• Circular Indiana

Paper Recycling, Explained

Updated: May 17

Welcome to the wonderful world of paper recycling! Paper and fiber embody more than just one aspect of the circular economy, and there’s more to paper than just recycling it the right way. From your bin to the product’s next life, we break down the basics on how paper recycling works.


Paper & the Circular Economy

Paper (and other kinds of fiber) is a valuable part of the circular economy. Actually, multiple levels of the circular economy. Paper is made from the renewable resource of trees and plants, is highly recyclable, and is also part of something called the nutrient cycle.


Paper is a Renewable Resource

With sustainable management, trees and other plants used to make paper like bamboo or sugarcane, are infinitely renewable. This makes plant-based products, like paper, also renewable. One principle of the circular economy is keeping materials in use continuously, which makes renewable resources particularly valuable. In fact, recycled paper is sometimes referred to as the urban forest because it can be harvested and then recycled into new products.


“Harvesting the Urban Forest is taking used materials that would go to the landfill and harvesting those materials to make new products, thereby diverting it from landfills.” Cathy Foley, Pratt Industries

Paper and the Nutrient Cycle

Paper and fiber is a unique commodity in the circular economy because of its role in the nutrient cycle, and its usefulness even after recyclability diminishes. Paper is not infinitely recyclable— it can only be recycled about 5 to 7 times. However, some paper that is no longer recyclable can be composted instead as part of the nutrient cycle, where valuable nutrients return to the soil to grow new plants and trees. The nutrient cycle is nature’s method of recycling and is a vital part of a healthy, thriving planet.


Paper is Highly Recyclable

The Close-the-Loop Program, by Pratt Industries, depicts the life cycle of recycled paper from recovery to the final product it becomes: a corrugated box.
Close-the-Loop Program, Pratt Industries

Paper recycling has been around since the industrial era. In fact, much of the first paper was made from old rags and linens, forming rag recycling businesses. This is exactly the sort of practice that the circular economy embraces—taking waste material and making it into a useful product.


Today, paper recycling is more advanced than in industrial times, but it still follows the same principle of creating new material from old. If you are recycling paper in Indiana, your paper likely goes to Pratt Industries, a paper recycler located in Valparaiso. By recycling paper into 100% recycled cardboard, Pratt Industries' Close-The-Loop Program creates a true circular economy.


How Paper Recycling Works

Paper recycling is a lengthy process. Watch the How It’s Made segment on how paper recycling works, and then follow our step-by-step guide for more detailed information.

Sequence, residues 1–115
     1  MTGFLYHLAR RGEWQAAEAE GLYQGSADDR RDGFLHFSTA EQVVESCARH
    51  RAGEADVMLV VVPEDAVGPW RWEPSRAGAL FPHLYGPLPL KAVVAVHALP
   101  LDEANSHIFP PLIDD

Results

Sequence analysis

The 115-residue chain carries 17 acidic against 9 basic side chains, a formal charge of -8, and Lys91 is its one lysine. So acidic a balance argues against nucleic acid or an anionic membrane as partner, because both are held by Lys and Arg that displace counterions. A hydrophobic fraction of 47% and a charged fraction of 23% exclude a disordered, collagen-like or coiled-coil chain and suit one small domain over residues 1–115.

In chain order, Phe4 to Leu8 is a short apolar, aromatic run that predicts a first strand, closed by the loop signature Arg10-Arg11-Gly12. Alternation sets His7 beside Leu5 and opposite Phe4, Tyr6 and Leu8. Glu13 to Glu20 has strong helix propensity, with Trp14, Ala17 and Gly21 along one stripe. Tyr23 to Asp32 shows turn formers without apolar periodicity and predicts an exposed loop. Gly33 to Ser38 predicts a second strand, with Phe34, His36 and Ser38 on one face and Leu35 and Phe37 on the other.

Collection and Sortation

Paper recycling starts when you put paper in your recycling bin. The bin is collected and taken to a material recovery facility or MRF where the paper is sorted by type. This may seem simple, but there are actually 52 different grades of paper, and not all of them are recyclable. Non-recyclable paper is removed, and recyclable paper is compacted into giant bales using large machinery.


 

Transportation

After sorting and baling, the paper is transported to a processing facility, which will do the work of making new paper from old. In Indiana, paper is transported to Pratt Industries in Valparaiso. Company-wide, Pratt Industries processes 3 millions tons of paper every year and makes it into 100% recycled cardboard, turning waste into resources. The Valparaiso facility employs over 500 workers and processes 370,000 tons of recycled paper each year.

 

Preparation and Sortation

Once at the Pratt Industries facility, the bales of paper are broken apart, sorted, and fed onto a conveyor belt with the right mix of paper types. Different kinds of paper have different fiber lengths, which impact the quality of the paper. By sorting and mixing a variety of types of paper, all with different fiber lengths, Pratt Industries is able to use different kinds of paper to create cardboard that is both 100% recycled and high quality.


 

Shredding and Mixing

After sorting, the paper is shredded and mixed with water and chemicals to make a giant slurry of pulp. The slurry is agitated, or spun, to ensure the right mix to create cardboard and remove contaminants.Tape, adhesives, metals, and plastic envelope windows are removed at the beginning of the slurry process, while ink is removed towards the end of the mixing process by mixing a special chemical into the slurry.


 

Screening and Rolling

The slurry of paper pulp is screened onto a conveyor belt where most of the water is removed by large rollers. At Pratt Industries, waste water is recaptured and used again, reducing the amount of water they use in their recycling process.




 

Drying and Spooling

The paper pulp, still on the conveyor belt, is passed through a series of heated rollers and air dryers to remove the final amount of moisture. The pulp is pressed, flattened, and rolled onto gigantic spools—creating the paper we all recognize!




 

Making Boxes

To turn the paper into boxes, the paper is layered into sheets of corrugated cardboard sheets, which are then cut into various size boxes.





 

Closing the Loop

Paper recycling is a valuable part of the circular economy, and it’s happening right here in Indiana! If you want to know more about the different commodities, how they fit into the circular economy, and the organizations doing circular work in Indiana, make sure you subscribe to our newsletter and follow @CircularIndiana on social media!


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